a first strip of at least one adhesive material applied to said inside perimeter and extending from said inside perimeter toward the center of a glazing opening within said sash frame, said first strip of adhesive material continuing substantially around the entire inside perimeter of said sash frame to provide a first glazing pane mounting structure;
a second strip of at least one adhesive material applied to said inside perimeter and extending from said inside perimeter substantially parallel to said first strip toward the center of said glazing opening, said second strip of adhesive material continuing substantially around the entire inside perimeter of said sash frame to provide a second glazing pane mounting structure;
a first glazing pane mounted to said first glazing pane mounting structure; and
a second glazing pane mounted to said second glazing pane mounting structure;
wherein an insulating glass structure is formed directly in said glazing opening from said first and second glazing panes and said respective first and second strips.
18. A window in accordance with claim 17, wherein:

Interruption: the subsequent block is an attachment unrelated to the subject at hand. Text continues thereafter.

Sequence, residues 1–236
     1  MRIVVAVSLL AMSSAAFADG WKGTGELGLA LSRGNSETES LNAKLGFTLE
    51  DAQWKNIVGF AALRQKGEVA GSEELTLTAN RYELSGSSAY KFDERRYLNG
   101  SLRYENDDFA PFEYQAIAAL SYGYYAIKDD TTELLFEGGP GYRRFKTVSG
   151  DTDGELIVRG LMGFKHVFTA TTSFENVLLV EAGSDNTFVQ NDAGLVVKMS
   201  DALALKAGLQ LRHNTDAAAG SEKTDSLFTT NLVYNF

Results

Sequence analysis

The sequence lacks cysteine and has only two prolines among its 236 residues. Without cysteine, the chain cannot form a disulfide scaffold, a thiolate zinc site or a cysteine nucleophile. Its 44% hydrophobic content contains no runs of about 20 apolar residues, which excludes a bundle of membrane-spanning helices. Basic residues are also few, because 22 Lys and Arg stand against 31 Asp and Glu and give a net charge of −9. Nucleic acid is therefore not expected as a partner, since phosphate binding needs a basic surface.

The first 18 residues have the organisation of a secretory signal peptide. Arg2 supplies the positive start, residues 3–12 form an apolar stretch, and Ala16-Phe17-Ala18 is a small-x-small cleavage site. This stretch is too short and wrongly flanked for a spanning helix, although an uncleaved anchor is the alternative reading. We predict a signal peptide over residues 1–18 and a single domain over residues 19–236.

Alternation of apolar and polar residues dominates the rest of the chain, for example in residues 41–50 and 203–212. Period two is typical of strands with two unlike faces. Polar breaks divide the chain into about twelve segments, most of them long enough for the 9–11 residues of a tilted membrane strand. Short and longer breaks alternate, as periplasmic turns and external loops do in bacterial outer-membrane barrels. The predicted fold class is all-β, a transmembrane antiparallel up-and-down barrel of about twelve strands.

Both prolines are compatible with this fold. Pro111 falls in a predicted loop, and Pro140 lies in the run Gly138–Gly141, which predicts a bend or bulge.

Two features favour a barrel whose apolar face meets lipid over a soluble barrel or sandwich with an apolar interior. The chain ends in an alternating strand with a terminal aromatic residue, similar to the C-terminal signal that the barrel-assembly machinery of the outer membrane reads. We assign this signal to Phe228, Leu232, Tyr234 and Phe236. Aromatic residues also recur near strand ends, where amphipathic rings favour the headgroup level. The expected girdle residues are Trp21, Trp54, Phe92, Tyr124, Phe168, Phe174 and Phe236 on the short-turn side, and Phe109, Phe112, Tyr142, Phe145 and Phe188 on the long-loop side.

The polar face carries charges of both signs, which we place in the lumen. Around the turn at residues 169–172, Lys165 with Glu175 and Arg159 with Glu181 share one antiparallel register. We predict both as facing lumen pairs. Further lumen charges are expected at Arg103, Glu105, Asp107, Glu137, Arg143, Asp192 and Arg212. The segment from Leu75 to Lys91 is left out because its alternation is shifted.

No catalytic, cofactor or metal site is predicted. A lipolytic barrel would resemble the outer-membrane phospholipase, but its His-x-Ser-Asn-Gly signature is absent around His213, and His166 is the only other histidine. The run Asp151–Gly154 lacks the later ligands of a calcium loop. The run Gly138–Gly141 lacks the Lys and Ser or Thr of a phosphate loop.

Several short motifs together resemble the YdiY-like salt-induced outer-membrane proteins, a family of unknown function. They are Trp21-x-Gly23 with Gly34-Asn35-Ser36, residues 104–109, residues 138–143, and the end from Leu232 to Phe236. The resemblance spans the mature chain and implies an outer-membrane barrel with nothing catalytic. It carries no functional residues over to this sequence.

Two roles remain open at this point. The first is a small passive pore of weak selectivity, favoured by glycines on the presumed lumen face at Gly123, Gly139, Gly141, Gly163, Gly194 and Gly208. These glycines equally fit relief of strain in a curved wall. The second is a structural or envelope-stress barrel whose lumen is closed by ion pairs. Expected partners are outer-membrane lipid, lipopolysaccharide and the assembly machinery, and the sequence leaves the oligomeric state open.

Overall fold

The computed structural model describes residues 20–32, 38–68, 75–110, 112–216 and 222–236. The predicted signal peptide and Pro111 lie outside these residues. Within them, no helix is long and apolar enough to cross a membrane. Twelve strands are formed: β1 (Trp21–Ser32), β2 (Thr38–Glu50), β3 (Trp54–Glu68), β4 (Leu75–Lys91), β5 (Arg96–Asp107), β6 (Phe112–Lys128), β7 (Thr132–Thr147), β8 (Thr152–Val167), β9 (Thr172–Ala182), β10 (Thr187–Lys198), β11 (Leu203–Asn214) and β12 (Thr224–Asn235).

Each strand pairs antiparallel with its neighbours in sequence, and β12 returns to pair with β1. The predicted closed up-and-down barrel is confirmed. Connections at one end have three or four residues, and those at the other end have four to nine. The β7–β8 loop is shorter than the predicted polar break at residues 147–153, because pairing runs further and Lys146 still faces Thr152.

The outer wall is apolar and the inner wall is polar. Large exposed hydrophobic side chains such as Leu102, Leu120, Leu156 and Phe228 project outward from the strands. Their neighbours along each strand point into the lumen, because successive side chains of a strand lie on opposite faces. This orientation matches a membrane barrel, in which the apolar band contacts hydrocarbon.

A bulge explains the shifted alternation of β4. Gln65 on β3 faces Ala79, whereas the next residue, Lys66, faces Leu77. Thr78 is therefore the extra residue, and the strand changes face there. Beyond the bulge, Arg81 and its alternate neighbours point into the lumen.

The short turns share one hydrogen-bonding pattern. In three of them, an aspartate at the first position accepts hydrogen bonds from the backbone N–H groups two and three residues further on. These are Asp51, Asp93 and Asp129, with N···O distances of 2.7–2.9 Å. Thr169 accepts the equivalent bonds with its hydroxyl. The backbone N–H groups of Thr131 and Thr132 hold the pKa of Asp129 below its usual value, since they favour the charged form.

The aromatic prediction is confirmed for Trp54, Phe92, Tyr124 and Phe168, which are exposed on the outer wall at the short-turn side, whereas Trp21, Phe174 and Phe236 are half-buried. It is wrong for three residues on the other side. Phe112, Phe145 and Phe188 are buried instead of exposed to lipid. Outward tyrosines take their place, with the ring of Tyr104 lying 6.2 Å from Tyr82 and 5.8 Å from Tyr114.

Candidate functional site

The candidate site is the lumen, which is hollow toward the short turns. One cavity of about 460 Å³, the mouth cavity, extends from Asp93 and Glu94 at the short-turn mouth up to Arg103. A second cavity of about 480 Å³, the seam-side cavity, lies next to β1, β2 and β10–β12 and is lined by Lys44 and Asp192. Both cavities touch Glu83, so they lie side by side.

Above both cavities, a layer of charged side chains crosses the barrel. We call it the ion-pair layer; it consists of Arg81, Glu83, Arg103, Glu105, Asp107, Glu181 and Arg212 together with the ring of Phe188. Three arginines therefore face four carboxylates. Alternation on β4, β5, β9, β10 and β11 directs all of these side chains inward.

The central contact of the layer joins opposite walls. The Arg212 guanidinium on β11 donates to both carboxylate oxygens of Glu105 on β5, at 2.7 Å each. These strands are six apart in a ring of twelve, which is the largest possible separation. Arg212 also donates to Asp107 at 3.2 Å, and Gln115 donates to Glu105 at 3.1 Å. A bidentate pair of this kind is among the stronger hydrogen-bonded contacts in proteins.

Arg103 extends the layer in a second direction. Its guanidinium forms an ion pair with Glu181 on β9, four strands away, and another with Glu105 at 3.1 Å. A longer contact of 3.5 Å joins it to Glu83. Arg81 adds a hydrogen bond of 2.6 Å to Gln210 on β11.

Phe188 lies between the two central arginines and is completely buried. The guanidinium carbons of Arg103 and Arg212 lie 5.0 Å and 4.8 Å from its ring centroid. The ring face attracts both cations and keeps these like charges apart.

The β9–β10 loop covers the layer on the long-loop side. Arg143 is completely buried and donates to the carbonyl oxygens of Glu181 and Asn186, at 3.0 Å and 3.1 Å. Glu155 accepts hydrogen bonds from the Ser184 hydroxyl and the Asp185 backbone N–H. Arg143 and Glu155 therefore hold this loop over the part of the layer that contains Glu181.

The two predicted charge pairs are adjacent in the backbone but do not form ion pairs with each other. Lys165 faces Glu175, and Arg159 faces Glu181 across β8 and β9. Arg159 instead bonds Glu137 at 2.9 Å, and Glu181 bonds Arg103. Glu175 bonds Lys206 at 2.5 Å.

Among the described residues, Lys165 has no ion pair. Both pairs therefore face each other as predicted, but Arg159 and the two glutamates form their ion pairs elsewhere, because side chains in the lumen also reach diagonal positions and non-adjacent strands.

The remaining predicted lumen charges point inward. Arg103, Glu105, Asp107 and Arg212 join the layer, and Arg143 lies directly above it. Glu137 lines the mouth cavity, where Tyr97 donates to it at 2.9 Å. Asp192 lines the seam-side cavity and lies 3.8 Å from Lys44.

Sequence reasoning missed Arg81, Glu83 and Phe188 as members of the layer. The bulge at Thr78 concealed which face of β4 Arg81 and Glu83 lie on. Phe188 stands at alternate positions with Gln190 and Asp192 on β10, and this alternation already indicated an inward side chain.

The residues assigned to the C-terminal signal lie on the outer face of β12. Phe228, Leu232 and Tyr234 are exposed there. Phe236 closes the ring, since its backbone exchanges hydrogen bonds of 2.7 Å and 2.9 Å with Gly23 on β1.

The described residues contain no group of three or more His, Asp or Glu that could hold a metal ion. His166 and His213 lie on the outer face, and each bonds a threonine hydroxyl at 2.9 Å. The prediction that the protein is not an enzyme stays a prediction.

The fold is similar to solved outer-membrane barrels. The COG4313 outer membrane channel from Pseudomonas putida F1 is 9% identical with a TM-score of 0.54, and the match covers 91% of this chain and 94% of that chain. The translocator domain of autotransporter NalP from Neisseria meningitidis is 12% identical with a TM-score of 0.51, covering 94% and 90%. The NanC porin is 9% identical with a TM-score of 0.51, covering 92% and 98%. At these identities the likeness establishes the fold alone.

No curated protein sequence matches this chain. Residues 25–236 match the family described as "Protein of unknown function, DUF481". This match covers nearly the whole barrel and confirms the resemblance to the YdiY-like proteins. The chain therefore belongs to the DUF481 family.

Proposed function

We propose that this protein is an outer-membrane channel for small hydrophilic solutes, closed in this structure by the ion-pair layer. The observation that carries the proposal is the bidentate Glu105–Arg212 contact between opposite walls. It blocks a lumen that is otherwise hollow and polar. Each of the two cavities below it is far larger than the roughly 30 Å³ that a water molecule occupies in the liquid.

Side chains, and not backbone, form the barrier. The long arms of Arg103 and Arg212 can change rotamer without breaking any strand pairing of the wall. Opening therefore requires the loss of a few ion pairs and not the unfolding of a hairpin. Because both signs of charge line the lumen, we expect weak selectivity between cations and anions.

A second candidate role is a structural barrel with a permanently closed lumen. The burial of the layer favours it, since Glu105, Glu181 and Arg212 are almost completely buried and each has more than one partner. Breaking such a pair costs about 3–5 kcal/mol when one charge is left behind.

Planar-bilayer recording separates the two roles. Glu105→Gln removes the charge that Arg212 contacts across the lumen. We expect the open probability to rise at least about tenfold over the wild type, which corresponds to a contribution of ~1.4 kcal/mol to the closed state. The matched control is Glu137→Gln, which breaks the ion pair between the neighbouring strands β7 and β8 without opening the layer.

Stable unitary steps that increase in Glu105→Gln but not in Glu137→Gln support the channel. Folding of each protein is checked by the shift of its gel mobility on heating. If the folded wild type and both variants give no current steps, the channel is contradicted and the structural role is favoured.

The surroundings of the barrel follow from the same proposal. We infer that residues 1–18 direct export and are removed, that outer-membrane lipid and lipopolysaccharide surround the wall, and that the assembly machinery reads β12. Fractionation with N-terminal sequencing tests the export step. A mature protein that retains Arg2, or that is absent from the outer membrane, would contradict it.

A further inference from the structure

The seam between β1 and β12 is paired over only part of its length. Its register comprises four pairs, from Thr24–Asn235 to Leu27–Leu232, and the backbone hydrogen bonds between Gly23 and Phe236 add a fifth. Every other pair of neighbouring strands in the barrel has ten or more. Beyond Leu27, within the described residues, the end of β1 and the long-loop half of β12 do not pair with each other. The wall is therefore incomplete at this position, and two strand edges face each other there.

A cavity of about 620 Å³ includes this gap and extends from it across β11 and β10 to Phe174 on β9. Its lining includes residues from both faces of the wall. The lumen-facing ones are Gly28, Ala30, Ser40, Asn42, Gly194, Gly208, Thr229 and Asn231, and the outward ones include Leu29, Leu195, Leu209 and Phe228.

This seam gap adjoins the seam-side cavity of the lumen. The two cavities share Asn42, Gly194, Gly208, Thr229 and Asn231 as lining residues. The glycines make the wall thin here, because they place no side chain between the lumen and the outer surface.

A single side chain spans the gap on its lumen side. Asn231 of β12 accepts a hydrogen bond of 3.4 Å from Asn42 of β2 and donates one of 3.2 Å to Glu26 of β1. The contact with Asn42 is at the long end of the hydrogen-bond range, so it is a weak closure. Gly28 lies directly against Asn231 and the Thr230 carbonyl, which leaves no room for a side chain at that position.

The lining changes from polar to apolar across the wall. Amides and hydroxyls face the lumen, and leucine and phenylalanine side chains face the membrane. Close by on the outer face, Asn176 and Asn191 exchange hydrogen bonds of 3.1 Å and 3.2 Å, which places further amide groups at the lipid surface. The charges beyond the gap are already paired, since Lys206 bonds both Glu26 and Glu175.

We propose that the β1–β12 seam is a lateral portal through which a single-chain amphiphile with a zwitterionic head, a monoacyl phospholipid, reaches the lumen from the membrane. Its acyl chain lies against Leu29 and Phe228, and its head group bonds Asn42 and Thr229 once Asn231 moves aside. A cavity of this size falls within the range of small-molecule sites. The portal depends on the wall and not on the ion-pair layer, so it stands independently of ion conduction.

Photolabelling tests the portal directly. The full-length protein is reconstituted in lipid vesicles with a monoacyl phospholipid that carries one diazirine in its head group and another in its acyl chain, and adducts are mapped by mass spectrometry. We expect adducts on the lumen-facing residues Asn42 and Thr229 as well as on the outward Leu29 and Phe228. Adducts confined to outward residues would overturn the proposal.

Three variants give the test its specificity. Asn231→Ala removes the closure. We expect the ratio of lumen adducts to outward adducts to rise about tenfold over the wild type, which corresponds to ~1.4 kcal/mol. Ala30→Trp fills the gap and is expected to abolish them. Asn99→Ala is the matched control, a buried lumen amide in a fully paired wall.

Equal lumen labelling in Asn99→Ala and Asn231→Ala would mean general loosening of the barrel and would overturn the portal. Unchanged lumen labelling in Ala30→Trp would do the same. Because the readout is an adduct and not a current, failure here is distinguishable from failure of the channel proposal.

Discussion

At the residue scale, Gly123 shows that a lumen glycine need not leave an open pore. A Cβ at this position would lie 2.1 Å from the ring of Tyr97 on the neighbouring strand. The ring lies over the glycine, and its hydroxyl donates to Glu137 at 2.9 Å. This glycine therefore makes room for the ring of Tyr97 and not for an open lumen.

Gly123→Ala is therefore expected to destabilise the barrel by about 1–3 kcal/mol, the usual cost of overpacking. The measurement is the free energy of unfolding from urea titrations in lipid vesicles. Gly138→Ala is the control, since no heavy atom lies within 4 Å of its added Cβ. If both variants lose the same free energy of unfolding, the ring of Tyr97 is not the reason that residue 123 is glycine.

the first strip of adhesive material attaches to an inside surface of the first glazing pane, and
the second strip of adhesive material attaches to an outside surface of the second glazing pane.
19. A window in accordance with claim 17, wherein:
the first strip of adhesive material attaches to an inside surface of the first glazing pane, and
the second strip of adhesive material attaches to an inside surface of the second glazing pane.
20. A window in accordance with claim 17, wherein:
the first strip of adhesive material attaches to an outside surface of the first glazing pane, and
the second strip of adhesive material attaches to an outside surface of the second glazing pane.
21. A window in accordance with claim 17, wherein:
at least one additional strip of adhesive material is applied to said inside perimeter for mounting at least one additional glazing pane.
22. A window in accordance with claim 17, wherein at least one of said strips of adhesive material is applied to the inside perimeter of the sash frame as at least one of a bead of adhesive, a preformed adhesive foam, a preformed adhesive tape, or a chemical sealant.
23. A window in accordance with claim 17, wherein said adhesive mounting strips receive respective glazing panes with edges of the glazing panes at least partially embedded therein.
24. A window sash in accordance with claim 17, wherein said adhesive material has sufficient stiffness to function as said spacing and mounting structure without supplemental support.
Description
BACKGROUND OF THE INVENTION

1. Field of the Invention

The present invention relates generally to residential, commercial, and architectural windows and, more particularly, to an integrated multipane window unit and sash assembly and a method for manufacturing the same.